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Osmosis in Food
Transcript of Osmosis in Food
Food is preserved by adding salts and sugars to them.
These chemicals remove the water out of microbial cells causing them to shrink. Thus stopping their metabolism.
Jams, jellies, fruit syrups, honey etc, are preserved by high sugar concentration.
Fish, meat beef and vegetable products are preserved with salt.
These solutions contain concentrated amounts of solutes (salts and sugar) and are hyper tonic to the cytoplasm of microorganisms.
Brine and syrup solutions can cause the removal of water from the cytoplasm resulting in dehydration followed by death of the invading microbes.
Such removal of water is involved in the process of osmosis.
Salt is added to cold water in a container, where the meat is soaked .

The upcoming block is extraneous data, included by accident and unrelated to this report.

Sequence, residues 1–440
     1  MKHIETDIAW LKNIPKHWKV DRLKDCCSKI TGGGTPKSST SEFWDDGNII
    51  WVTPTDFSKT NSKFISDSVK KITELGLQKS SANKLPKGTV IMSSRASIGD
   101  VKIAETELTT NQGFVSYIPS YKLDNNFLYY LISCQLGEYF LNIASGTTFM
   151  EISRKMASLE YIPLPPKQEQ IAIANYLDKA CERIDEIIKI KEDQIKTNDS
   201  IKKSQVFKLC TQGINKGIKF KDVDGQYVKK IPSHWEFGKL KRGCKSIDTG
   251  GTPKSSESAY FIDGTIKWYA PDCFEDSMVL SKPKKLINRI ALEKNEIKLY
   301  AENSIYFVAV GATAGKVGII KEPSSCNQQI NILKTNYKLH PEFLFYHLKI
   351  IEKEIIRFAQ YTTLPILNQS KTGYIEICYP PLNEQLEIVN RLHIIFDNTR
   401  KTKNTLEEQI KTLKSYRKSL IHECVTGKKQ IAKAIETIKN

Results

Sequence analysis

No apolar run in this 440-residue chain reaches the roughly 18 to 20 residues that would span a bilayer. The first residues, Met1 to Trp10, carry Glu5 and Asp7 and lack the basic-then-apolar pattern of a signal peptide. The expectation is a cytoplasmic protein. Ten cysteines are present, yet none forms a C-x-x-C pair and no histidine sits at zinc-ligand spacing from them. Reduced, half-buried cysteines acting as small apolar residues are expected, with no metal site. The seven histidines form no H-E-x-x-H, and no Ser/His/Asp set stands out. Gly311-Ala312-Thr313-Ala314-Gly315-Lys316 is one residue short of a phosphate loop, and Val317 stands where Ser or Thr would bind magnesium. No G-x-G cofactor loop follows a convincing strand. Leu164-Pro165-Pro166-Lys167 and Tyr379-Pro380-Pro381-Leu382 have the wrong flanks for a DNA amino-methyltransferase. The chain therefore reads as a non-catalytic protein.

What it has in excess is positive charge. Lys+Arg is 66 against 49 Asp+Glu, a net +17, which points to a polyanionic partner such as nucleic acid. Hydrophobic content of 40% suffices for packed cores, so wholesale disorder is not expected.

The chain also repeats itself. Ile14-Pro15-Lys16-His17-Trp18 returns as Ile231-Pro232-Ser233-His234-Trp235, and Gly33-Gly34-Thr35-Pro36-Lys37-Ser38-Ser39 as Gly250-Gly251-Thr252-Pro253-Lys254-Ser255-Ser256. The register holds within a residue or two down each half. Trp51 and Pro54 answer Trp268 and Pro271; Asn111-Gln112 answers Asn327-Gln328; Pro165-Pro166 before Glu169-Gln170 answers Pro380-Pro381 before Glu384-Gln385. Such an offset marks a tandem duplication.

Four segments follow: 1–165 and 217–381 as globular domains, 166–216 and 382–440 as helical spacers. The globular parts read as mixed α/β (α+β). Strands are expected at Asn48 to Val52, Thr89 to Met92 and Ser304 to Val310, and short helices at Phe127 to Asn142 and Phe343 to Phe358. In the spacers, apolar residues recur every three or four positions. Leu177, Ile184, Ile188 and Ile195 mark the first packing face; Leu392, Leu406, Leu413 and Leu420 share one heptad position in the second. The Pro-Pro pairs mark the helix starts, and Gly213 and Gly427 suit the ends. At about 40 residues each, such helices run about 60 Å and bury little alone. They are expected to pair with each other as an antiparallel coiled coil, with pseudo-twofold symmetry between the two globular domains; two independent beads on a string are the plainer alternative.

Brining makes cooked meat moisture by hydrating the cells of its muscle tissue before cooking, via the process of osmosis, and by allowing the cells to hold on to the water while they are cooked, via the process of denaturation (is a process in which proteins or nucleic acids lose the quaternary structure).
A process by which a solvent such as water is purified of solutes by being forced through a semipermeable membrane through which the solvent, but not the solutes, can pass.
Reverse osmosis is used in food industries like maple syrup production,wine industry, dairy industry and concentrating food liquid.
For the maple syrup production, reverse osmosis is used to remove the water from the sap, reducing energy consumption and exposure of the syrup to high temperatures.
Application of Reverse Osmosis